The dentin contains a large numbers of pores or tubes that run from the outside of the tooth to the nerve in the center. When the dentin is exposed, these tubes can be stimulated by changes in temperature or certain foods. Here is an image of what the dentin tubes look like under the microscope:

The best way to find out why a tooth is sensitive is to have dental professional examine you. They can look for the signs of dentin exposure, and run tests to determine what the true cause of the sensitivity is. Sometimes, the sensitivity is due to a cavity or gum disease – these can be treated to address the sensitivity. Other times, the cause of the sensitivity is because the enamel has been lost through abrasion or erosion, or the gums have receded, causing the roots to be exposed.

What Can Be Done?

If the sensitivity is due to a cavity, a restoration can be placed. If gum disease is the cause, the dental professional can perform a thorough cleaning of the area.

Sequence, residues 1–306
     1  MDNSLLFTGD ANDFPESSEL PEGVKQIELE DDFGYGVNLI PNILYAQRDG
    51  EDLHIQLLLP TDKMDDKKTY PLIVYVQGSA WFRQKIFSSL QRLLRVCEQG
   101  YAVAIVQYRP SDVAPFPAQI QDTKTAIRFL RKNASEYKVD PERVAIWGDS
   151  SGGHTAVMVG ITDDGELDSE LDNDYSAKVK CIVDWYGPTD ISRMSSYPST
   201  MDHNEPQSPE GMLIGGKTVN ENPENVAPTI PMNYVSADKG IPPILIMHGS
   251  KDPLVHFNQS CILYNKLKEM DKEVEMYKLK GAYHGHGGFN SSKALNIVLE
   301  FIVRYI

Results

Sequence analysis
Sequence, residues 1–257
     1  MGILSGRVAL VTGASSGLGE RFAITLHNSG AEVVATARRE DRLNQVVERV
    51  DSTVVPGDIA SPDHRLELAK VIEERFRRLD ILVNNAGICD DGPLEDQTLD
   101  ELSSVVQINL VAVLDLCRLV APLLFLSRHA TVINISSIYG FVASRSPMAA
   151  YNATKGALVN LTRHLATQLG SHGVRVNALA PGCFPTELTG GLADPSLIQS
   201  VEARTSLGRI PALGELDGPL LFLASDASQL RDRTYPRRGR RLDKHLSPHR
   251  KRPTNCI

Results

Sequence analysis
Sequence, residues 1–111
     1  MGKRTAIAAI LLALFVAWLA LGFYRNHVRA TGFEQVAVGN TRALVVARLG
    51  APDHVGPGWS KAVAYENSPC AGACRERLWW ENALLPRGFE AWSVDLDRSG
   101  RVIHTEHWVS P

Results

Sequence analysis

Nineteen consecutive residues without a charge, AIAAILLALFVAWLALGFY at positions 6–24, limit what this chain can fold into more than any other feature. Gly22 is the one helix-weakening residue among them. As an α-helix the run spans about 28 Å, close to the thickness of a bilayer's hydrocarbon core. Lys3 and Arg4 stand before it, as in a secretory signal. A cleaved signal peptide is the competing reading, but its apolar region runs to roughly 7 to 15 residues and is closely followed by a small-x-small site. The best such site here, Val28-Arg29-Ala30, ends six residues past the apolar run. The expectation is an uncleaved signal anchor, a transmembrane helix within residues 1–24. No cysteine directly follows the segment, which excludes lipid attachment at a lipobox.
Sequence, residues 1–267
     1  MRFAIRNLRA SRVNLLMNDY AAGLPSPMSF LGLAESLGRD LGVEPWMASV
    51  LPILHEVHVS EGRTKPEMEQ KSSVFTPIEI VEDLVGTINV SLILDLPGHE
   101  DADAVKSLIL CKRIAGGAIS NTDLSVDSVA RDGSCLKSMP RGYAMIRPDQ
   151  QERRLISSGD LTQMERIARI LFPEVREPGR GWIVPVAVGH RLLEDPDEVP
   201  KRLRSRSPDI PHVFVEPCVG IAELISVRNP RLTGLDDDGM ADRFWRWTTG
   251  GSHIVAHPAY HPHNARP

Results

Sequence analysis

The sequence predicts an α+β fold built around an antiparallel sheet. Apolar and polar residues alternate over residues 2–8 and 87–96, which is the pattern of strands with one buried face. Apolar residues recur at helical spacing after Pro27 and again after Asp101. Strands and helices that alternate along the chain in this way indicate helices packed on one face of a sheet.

However, if the cause is from dentin being exposed, then there are a number of professional and at home treatments that can be used to reduce the sensitivity.

In Office Procedures

  • Fluoride varnish can be applied to exposed areas, strengthening the enamel and dentin
  • Fluoride foam or gel can be placed into a mouth tray; you then sit with this in your mouth for 3-5 minutes, providing the teeth with a high concentration of fluoride to strengthen the areas
  • Bonding agent, the material used to stick tooth colored restorations to teeth, can be used to seal the dentin surface and provide a barrier to the stimuli that cause sensitivity

At Home

  • Use a very soft bristle tooth brush, with low abrasive tooth paste
  • Brush correctly and do not over brush
  • Use a tooth paste specially formulated to soothe the nerve endings in the tooth